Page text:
Thursday 14 April 2016
Tenby to Pendine
Amroth Castle Holiday Village
It rained on and off during the night, which hadn’t been forecasted. I packed my tent away wet and got going just after 9 am.
The path wound up and down through lots of woodland on the way to Saundersfoot. I enjoyed the song of all the small birds. I passed Monkstone Point and knew I’d arrived in Saundersfoot as I found myself navigating around some large houses.
Considering how posh the houses were I was surprised that the town did not seem more upmarket. It does have a nice sandy beach though. I stopped at a greasy spoon cafe for a coffee and a bacon and egg baguette. It was just what I needed.
The path to Wiseman’s Bridge mostly follows a disused rail line and goes through 3 tunnels. It must have been a nice train ride.
It was only a short hop to Amroth and, although it was only lunchtime, I was able to check in to Amroth Castle (not as glamorous as it sounds) and dump most of my kit. (I was very glad of this later.)
Amroth marked the end of the Pembrokeshire Coast Path, only 186 miles to St Dogmaels! Although not even 5 miles to Pendine it was very hilly. I met some people who told me it was classified a grade A walk (I’ve no idea what that means but I assume ‘hard’). It took me 2 very sweaty hours to get there.
The sun was hot today and I had a beautiful, but slightly hazy, view right across Carmarthen Bay and back to Tenby.
It was a lovely, if tiring, walk through lots of gorse. I saw 5 buzzards gliding over the cliffs, fulmars, pipits, and a kestrel.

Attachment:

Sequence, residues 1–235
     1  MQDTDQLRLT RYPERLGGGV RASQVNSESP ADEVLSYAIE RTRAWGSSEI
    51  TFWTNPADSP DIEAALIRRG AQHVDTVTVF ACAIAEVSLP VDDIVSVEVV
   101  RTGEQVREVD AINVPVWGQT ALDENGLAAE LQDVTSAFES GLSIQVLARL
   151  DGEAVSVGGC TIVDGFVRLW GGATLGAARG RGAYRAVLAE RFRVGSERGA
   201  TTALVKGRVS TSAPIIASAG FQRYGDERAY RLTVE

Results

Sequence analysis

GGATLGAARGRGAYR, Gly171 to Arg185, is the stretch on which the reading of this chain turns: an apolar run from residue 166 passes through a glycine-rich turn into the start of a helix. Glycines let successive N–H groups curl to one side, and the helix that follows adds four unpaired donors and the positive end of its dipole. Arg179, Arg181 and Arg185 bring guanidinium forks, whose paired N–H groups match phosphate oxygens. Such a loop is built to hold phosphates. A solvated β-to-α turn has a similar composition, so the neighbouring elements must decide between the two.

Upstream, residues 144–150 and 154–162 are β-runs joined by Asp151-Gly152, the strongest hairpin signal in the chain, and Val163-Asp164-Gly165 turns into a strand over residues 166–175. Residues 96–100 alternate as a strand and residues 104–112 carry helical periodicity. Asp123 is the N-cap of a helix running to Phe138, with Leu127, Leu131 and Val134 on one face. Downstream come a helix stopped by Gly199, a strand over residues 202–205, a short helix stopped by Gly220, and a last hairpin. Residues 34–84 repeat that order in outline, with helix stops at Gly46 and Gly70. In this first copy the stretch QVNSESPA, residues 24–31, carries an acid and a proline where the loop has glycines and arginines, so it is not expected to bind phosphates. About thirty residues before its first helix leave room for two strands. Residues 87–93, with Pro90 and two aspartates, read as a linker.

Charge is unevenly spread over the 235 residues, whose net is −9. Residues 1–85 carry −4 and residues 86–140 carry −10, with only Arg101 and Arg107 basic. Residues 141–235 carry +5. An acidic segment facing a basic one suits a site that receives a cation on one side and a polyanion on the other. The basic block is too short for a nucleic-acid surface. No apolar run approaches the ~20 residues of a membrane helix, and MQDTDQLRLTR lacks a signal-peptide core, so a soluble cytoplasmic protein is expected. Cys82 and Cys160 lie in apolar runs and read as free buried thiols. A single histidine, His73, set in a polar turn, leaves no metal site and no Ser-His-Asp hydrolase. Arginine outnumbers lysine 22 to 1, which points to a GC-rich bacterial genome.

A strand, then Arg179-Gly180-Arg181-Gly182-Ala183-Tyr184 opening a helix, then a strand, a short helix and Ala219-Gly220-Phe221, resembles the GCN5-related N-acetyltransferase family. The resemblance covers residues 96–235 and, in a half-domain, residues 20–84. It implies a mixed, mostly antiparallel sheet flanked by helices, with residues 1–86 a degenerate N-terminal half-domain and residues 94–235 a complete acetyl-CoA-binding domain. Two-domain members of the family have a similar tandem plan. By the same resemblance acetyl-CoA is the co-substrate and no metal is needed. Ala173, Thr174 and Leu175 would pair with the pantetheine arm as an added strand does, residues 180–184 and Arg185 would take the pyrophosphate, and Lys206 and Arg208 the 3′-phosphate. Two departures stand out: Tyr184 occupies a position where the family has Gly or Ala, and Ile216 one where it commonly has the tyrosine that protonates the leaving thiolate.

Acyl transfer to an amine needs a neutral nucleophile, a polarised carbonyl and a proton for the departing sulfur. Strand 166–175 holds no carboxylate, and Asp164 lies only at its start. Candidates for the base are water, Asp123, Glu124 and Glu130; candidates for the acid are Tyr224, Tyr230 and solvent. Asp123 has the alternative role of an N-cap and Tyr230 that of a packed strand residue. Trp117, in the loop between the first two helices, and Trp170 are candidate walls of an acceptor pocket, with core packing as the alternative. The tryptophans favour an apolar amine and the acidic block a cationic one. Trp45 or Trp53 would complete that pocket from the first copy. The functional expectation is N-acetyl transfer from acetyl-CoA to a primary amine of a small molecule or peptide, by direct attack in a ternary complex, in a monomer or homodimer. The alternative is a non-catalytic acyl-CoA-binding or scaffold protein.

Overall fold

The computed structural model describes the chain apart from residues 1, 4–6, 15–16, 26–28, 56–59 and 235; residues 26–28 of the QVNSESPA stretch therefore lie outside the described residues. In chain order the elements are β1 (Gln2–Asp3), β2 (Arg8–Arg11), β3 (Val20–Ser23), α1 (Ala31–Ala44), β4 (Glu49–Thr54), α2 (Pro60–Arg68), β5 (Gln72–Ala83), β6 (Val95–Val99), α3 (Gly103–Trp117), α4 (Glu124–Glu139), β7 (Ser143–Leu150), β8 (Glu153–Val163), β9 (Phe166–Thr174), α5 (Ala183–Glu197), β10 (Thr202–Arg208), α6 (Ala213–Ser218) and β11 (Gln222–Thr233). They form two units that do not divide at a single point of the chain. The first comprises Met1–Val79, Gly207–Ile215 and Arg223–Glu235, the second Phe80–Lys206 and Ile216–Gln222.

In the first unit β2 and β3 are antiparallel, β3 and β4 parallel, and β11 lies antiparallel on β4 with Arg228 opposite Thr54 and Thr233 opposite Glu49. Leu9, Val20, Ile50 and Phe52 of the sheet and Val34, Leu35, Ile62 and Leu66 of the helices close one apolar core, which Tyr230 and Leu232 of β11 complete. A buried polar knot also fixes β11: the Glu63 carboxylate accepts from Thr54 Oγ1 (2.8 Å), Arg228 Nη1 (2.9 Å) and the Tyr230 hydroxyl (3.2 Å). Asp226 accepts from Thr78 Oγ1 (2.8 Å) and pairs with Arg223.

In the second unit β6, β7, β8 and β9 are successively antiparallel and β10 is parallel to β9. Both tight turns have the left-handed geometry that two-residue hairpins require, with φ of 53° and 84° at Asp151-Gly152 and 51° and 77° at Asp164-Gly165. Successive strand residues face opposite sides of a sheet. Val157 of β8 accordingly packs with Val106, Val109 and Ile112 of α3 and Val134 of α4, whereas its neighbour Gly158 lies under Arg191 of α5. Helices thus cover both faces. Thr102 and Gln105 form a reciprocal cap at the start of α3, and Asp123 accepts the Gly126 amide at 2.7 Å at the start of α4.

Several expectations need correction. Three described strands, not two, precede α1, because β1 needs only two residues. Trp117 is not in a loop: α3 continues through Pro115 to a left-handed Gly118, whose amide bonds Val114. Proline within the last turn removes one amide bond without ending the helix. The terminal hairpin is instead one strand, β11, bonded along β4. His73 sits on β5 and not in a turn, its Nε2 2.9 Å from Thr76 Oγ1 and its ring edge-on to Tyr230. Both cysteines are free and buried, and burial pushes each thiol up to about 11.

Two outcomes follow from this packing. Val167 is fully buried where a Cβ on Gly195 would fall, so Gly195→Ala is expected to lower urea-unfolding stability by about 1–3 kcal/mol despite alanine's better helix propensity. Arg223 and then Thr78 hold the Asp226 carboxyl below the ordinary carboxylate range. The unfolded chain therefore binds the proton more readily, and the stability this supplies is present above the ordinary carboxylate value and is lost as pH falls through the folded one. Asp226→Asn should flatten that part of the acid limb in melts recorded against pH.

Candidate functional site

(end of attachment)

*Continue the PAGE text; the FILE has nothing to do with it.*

I zigzagged across the cliff above Marros Sands and eventually dropped down into the small cove of Morfa Bychan, which had lots of ugly, damaged concrete blocks just behind the shingle beach. I later found out this was where the D-Day landings were practised.
Another big climb and Pendine Sands came into view. It looked stunning, providing the edge to a plain that was created at the end of the Ice Age.
I was prepared for the 7-mile walk along the beach and around the corner that leads up the River Taf to Laugharne. Unfortunately the beach and the dunes on the plain belong to the MOD and the red flag was flying. (I could walk inland but I had been warned it was a boring walk next to the road.)
I descended into Pendine and immediately had an ice cream as I thought I’d deserved one. I walked along the beach to speak to the man in the tractor that was parked on the sand as part of a barrier preventing the public walking further along the beach (apparently many ignore the signs and flags). He explained that the Royal- and French- Marines were ‘playing’ here all week so public access would only be after 4 pm every day. I wasn’t too upset as buses back to Amroth from Laugharne don’t exist so it solved my problem not to walk that far. Anyway, I’ve been to Pendine Sands before; I’ve landed on the beach in a C-130 Hercules, stood on the sand while an engine-running refuel was undertaken, and then taken off again. That was fun!
After chatting to the nice ex-army, QinetiQ employee I walked off the beach and visited the Museum of Speed. It was free and had a couple of very old motorcycles in it. Pendine’s beach has long been used for motorcycle racing and was also where J G Parry Thomas and Malcolm Campbell traded World Land Speed Records 1924-27. Parry Thomas lost his life here driving Babs and Campbell still holds the British Land Speed Record, set in Bluebird on this beach, both occurred in 1927.
Pendine beach was also the take off point for Amy Johnson and her husband, Jim Mollison, when they became the first married couple to fly across the Atlantic in 1933.
This beach really has seen some speed, although it seems to operate at a more sedate pace now and has a holiday village right behind it. (They do still have races in the winter.) I sat in one of the many cafes and enjoyed a cream tea while I waited for my bus back to Amroth.